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Greens looking at a return to regional set-up when rugby resumes

By Alan Hendry

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Caithness head coach Ewen Boyd: 'We are looking at opportunities not to play national league rugby.' Picture: James Gunn
Caithness head coach Ewen Boyd: 'We are looking at opportunities not to play national league rugby.' Picture: James Gunn

Caithness head coach Ewen Boyd reckons it will be August at the earliest before the Greens return to competitive action.

And he says there is no guarantee that the club will continue where it left off before the pandemic by returning to National League Three – with regionalised rugby appearing to be a more likely route.

The Greens had been fighting against relegation before the 2019/20 domestic season was declared null and void at the end of March.

Boyd believes it will be a much-changed landscape when the game does resume.

He says Caithness RFC is in a strong position but warns that other clubs may not be able to carry on as before.

“Our best-case scenario is going to be playing again in August,” Boyd said.

“We are looking at opportunities not to play national league rugby. We don't know what the set-up is going to be, and it wouldn't surprise me if the SRU [Scottish Rugby Union] does a rework anyway.

"There will be clubs that fold, there will be all sorts of stuff going on. How we come back into it, I don't know.”

Boyd explained that the Caithness squad is “in transition” and there will be a focus on bringing in younger players.

“Last year there were a few false starts. We probably thought we would get going by the back end of the year, in some form or another, but it just petered out obviously due to the circumstances and government guidance.

“It was difficult last year keeping the engagement and the interest going with no rugby to play. We trained to start with two times a week and then we took it back to Thursday night and Saturday morning sessions for different people in groups within the club.

“But we don't have those facilities or those opportunities just now with the government guidelines.

“People are training by themselves. They're using the likes of online forums and groups as well as My Name’5 Doddie [Doddie Weir's foundation, raising funds for research into motor neurone disease] – a lot of boys are participating in that, just to try and keep active.

“We're awaiting further information but I don't think the government is going to let us go back until a larger percentage of people have the vaccine and the numbers go down. It's going in the right direction but I think the SRU will take a different stance on it this time and they will take a long-term view and aim for August.

“There are possibilities of playing some form of non-contact rugby in the summer. We may look at getting some sort of inter-county touch league going.

“We've got women's teams and girls' teams and you can mix that up. That has proved successful in other clubs, just to get people active and interested again.

“It's difficult. The physical nature of rugby means that you need to be pretty much 100 per cent committed when you're playing and training.”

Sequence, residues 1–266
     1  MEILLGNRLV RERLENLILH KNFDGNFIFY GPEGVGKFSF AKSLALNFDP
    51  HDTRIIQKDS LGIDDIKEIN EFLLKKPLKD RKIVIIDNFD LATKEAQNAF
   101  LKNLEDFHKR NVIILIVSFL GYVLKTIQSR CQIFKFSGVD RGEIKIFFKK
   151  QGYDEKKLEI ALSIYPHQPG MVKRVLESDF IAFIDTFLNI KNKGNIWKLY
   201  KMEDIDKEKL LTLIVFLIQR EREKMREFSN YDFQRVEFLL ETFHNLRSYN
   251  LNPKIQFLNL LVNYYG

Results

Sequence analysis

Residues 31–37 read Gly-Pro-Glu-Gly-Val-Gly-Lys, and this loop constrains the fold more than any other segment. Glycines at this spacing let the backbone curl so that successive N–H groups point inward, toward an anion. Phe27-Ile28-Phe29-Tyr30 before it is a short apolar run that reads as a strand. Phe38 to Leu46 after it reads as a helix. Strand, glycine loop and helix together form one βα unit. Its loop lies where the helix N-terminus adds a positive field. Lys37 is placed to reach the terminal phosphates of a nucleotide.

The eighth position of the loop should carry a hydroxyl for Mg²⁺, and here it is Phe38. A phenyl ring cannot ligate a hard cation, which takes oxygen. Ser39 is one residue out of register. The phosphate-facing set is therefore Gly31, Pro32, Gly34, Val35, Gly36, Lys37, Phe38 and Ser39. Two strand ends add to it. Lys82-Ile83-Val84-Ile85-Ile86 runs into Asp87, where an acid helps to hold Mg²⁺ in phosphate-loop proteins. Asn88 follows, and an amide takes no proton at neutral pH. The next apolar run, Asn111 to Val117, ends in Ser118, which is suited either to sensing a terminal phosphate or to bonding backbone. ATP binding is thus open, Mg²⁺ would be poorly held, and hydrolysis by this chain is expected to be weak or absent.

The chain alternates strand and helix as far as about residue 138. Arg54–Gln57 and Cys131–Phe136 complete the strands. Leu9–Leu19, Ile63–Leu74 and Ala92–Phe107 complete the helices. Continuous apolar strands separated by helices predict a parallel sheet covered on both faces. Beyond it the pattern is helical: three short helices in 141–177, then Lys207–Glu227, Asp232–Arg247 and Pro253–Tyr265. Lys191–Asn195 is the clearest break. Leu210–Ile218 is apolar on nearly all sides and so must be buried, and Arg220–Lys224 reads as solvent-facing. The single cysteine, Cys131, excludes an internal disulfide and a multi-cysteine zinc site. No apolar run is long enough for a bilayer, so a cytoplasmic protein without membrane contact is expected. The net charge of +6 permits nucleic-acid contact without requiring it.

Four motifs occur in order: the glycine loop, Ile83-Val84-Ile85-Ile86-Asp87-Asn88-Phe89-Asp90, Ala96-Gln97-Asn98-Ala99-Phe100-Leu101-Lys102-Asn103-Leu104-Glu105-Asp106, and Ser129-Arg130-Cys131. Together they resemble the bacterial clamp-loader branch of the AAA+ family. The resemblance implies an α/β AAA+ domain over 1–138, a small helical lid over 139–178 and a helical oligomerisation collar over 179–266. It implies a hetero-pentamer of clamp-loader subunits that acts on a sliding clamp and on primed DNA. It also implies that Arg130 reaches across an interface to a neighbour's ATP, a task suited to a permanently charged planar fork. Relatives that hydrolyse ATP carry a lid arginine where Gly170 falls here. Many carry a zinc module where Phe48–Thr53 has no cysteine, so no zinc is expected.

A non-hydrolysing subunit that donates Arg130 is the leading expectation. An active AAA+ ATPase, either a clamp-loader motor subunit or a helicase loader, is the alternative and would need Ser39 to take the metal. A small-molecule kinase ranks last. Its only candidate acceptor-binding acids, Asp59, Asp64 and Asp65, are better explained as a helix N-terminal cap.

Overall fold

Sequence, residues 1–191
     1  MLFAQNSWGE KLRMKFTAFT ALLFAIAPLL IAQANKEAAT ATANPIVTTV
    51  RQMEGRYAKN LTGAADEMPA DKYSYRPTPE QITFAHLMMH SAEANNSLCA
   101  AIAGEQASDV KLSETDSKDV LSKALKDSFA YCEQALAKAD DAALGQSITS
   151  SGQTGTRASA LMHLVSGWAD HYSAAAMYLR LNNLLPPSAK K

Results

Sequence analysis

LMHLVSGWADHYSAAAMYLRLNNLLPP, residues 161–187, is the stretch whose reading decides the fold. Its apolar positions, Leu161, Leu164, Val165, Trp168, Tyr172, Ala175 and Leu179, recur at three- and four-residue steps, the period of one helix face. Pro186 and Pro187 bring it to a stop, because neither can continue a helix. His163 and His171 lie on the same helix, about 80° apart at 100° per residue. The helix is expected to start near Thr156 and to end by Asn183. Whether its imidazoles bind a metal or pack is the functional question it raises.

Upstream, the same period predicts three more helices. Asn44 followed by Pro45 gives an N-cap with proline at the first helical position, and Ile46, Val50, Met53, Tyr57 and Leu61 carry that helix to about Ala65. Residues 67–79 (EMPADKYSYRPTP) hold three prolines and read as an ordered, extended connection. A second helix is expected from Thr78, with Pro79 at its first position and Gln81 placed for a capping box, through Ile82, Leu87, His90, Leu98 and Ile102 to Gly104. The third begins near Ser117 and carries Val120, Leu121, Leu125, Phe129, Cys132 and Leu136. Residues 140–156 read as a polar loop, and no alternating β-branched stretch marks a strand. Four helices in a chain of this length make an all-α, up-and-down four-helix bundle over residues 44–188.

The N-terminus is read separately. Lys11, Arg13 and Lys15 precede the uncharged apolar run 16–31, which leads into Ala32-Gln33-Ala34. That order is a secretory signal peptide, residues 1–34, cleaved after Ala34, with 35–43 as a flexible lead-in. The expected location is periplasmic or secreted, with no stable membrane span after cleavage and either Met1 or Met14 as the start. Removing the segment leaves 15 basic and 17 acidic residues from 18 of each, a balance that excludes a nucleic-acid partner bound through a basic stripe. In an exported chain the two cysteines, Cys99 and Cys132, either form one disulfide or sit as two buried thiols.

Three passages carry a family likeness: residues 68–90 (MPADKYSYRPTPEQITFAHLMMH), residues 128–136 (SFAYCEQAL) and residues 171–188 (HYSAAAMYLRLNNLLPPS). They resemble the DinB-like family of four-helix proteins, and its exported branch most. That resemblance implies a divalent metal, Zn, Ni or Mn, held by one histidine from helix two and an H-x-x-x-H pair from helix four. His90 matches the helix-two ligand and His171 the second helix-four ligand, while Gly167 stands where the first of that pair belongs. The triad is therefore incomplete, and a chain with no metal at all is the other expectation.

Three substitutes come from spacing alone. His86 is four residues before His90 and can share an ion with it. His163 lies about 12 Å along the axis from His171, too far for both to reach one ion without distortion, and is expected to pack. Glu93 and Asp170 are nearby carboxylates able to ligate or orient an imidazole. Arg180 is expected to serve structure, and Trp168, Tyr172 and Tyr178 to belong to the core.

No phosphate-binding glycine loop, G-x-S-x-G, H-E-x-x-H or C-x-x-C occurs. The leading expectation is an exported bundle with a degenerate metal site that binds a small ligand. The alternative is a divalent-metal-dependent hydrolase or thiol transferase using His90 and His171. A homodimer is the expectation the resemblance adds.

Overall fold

Boyd (45), who works as a Dounreay facility manager, added: “The club is probably in transition as well. We had an established team two or three years back and a lot of those players may now find themselves retired.

“When we get back it's going to be interesting to see how clubs survive. Some clubs will not have had any income but will have had outgoings throughout this whole time.

“We're lucky, we're in a decent enough financial situation, but we need to generate more players.

“We engaged well with our players up until Christmas time – we knew who we had kicking around and who had drifted away a little bit, and you couldn't blame them either.

We've got good facilities and we've got good links throughout the county, so we just have to keep ourselves positive and be in a good position to come back.

“When we do get back to playing there's going to have to be some form of engagement to get people going.

“I would say that our best-case scenario will be August – I think we'd be setting ourselves up for a fall if we did anything different from that.

“Every time you have a false start, somebody else drifts away.

“We had a focus on our younger, more emerging players coming through last year, and at the back end when we were doing our training, and I think that's what we will have to do going forward as well.

“It'll be interesting times for rugby clubs – the fact that you need 15 players on the park, plus five substitutes, in specialist positions, and you have to keep on generating the players.

“That's us a year out now and no rugby for the kids and for the under-18 players that we are looking to bring through.

“We've got a lot of interest in the county that has been generated over the years, and an awful lot of goodwill towards rugby, so we just have to build on that. The club itself is in a strong enough position to do that.

“We've got good facilities and we've got good links throughout the county, so we just have to keep ourselves positive and be in a good position to come back when we get the opportunity."

He added: “We're looking to go back and build a team for the next four or five years and to do that regionally rather than playing national league rugby."

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